Fondle Yourself in Public

I found this tag on a pole in a public park in Portland, and found it to be hilarious and taboo. The idea of fondling oneself in public is highly stigmatized as anything having to do with the genitals is considered unclean. This tag challenges the notion of self policing as it dares the viewer to go against social norms. Foucault introduced the concept of the panopticon, which relates to the self policing aspect of society that keeps people from fondling themselves in public. The panopticon originally referred to a prison that was designed as a circular tower in which the warden was situated at the top and could view all of the inmates with a single glance, yet the inmates are unable to see if they are being watched or not, inspiring them to always behave. The concept of the panopticon has been expanded to represent schools, factories, hospitals, and asylums; emphasizing the omnipresence of power that has lead individuals within civil society to self police.

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Imaginary Security System

Our landlord isn’t too concerned with her tenant’s wellbeing.  This is the imaginary alarm system protecting my house. Although it is still hooked up to the electricity and appears to be functional, in reality it hasn’t worked in twenty years. This keypad and warning sign are two of many strategically placed devices that relate a message to potential intruders that this house is under constant surveillance. All the windows have a circular monitor on them connected to a wire insinuating that an alarm would sound if any windows were broken. Another blinking keypad lies right within view through the front window. These devices certainly served a tangible purpose in the early 90’s, but now only help to persist Bentham’s idea of panoptical surveillance. Hopefully, the fake system serves to frighten away thieves or criminals by creating a false sense of surveillance and a gamble that many intruders would not risk.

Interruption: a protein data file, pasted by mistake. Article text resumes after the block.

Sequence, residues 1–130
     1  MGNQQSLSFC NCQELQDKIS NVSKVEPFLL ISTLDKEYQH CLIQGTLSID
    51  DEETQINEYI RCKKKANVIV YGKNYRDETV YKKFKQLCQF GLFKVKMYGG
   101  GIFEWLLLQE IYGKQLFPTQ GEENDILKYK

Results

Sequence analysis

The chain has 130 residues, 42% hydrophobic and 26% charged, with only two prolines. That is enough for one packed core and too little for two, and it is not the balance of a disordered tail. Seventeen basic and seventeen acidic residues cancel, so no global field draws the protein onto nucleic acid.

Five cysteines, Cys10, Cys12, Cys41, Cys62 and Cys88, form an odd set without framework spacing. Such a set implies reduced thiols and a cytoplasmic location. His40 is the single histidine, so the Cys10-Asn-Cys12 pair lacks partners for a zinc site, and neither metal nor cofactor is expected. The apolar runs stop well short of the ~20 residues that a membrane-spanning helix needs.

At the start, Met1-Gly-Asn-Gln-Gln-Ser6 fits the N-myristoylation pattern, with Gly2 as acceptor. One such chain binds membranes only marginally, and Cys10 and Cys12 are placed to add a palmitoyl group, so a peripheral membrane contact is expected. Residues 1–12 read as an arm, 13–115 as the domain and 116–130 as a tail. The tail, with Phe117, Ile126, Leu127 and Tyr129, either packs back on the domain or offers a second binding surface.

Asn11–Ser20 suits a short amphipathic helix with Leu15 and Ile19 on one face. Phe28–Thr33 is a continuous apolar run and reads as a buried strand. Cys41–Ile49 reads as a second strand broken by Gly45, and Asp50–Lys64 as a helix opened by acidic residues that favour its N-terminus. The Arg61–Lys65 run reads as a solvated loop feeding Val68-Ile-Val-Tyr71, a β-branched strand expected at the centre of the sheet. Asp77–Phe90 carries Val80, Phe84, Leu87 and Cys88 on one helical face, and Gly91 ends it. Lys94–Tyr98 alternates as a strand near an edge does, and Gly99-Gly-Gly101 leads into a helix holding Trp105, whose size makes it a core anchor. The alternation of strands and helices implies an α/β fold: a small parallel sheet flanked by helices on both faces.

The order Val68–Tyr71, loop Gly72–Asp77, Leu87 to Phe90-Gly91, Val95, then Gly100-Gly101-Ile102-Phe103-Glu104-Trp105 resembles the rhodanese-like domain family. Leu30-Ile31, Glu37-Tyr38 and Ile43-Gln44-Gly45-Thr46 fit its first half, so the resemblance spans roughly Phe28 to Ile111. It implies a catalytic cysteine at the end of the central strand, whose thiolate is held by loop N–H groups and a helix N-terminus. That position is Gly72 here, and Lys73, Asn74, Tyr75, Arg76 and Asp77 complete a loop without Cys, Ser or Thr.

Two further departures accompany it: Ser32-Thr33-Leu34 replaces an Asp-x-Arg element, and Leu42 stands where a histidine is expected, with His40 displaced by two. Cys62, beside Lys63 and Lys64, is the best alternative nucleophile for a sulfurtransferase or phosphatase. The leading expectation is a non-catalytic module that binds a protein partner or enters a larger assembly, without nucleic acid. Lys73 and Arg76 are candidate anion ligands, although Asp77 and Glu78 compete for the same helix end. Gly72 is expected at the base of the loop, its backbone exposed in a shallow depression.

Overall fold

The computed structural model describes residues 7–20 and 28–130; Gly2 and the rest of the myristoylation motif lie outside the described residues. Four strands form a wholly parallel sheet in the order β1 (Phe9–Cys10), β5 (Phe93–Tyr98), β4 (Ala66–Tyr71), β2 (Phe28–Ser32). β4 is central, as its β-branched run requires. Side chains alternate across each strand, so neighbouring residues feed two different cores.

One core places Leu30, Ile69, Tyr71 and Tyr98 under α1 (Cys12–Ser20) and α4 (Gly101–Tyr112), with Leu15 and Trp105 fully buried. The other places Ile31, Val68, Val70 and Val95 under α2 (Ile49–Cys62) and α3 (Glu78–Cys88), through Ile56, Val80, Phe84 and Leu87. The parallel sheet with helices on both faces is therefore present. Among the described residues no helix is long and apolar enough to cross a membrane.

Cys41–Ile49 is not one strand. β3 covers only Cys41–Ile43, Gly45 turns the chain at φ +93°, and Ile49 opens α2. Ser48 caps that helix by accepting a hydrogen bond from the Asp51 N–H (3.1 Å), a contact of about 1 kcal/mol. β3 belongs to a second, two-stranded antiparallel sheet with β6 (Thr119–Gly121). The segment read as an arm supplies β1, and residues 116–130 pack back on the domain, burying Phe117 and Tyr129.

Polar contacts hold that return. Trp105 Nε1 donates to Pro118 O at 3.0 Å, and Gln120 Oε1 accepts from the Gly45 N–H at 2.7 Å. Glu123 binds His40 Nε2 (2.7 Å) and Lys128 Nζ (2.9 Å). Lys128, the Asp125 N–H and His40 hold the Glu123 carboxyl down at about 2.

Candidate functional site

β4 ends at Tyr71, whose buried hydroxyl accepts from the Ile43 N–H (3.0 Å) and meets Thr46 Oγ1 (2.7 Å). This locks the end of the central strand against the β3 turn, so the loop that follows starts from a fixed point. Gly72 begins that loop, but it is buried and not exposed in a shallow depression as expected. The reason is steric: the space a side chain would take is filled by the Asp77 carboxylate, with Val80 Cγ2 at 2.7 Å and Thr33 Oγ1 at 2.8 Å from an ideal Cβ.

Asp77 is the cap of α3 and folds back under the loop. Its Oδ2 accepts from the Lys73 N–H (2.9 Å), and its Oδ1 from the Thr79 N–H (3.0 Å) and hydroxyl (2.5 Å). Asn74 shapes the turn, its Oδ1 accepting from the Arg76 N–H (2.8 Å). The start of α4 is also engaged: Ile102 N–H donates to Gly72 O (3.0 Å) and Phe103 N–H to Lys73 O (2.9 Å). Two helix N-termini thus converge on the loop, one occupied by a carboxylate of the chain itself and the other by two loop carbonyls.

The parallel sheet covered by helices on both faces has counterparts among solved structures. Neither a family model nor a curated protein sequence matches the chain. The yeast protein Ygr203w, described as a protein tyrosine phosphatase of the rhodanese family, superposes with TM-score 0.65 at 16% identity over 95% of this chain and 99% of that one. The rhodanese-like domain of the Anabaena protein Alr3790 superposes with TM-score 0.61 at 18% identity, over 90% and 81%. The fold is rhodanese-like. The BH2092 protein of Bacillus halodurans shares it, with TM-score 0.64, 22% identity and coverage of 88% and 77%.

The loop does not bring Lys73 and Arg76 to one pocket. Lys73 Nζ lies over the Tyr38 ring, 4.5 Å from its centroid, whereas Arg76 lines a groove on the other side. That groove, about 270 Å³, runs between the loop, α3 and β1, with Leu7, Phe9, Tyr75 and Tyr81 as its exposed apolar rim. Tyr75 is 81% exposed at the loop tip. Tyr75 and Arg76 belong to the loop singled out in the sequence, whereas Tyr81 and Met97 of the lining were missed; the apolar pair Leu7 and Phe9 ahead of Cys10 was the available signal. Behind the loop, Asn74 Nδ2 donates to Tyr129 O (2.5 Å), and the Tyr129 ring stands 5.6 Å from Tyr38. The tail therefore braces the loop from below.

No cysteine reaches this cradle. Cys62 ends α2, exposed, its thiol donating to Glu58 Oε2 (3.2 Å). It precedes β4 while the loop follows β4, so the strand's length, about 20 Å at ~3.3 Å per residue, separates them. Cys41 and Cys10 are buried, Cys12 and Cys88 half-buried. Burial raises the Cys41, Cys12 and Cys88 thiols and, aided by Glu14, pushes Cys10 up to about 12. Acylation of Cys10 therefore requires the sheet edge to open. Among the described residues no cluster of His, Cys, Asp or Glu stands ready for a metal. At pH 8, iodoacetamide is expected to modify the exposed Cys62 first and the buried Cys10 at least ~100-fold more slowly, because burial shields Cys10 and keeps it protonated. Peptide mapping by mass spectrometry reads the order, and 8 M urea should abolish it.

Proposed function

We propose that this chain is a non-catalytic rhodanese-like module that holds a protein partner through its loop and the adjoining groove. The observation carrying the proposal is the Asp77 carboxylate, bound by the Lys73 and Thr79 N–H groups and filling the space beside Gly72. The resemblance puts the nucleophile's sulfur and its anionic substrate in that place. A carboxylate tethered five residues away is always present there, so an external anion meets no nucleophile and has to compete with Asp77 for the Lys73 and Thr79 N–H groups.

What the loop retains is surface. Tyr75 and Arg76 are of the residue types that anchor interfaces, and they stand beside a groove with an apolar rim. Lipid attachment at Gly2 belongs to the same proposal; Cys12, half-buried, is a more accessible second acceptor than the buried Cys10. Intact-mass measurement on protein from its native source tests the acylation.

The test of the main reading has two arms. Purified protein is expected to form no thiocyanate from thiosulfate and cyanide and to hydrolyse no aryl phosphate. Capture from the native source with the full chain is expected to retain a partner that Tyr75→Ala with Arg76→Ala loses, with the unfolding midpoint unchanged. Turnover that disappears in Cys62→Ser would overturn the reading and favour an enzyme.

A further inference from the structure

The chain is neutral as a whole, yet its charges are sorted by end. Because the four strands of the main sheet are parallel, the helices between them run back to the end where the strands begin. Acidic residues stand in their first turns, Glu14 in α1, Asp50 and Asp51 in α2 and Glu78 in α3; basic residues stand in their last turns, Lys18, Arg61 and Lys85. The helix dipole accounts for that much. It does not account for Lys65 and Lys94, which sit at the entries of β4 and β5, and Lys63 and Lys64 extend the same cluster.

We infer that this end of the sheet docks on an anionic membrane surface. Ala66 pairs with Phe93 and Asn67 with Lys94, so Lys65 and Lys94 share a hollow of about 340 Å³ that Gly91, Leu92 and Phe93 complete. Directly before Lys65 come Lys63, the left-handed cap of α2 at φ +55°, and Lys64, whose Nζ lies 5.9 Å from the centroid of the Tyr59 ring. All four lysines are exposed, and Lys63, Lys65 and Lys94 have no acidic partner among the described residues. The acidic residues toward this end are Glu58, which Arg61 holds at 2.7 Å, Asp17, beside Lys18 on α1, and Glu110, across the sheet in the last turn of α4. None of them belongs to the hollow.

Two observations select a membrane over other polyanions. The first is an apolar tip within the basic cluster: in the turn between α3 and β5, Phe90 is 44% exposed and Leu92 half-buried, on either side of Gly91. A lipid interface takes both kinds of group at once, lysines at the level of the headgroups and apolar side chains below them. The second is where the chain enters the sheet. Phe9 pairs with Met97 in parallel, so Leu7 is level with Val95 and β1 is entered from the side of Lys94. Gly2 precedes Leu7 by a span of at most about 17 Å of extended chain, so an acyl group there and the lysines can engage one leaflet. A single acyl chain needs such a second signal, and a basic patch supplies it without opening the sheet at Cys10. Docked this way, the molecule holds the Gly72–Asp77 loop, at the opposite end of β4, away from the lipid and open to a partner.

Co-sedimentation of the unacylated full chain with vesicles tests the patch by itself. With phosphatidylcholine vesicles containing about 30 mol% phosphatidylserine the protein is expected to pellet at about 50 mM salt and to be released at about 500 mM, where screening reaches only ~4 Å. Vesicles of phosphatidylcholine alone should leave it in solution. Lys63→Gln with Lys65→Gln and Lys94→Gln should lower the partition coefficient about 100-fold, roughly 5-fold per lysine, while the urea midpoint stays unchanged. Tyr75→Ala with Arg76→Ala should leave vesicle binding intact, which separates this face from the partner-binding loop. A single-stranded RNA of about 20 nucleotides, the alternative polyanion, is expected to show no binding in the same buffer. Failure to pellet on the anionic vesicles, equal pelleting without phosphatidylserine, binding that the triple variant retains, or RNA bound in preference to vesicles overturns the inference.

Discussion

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Present But Not Voting Jeremy Bentham

Do you remember in class how I said a friend said her old department would drag out Jeremy Bentham’s body for faculty meetings, but I couldn’t remember (ahem, believe) the details?

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